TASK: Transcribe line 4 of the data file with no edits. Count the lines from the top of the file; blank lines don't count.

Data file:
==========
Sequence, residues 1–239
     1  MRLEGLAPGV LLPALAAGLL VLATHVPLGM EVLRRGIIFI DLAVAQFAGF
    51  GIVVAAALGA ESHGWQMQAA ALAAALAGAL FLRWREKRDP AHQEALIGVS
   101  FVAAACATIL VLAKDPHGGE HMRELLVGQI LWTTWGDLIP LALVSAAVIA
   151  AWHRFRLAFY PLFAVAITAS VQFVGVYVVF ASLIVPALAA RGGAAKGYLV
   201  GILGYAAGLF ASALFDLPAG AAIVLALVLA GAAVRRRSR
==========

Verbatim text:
   101  FVAAACATIL VLAKDPHGGE HMRELLVGQI LWTTWGDLIP LALVSAAVIA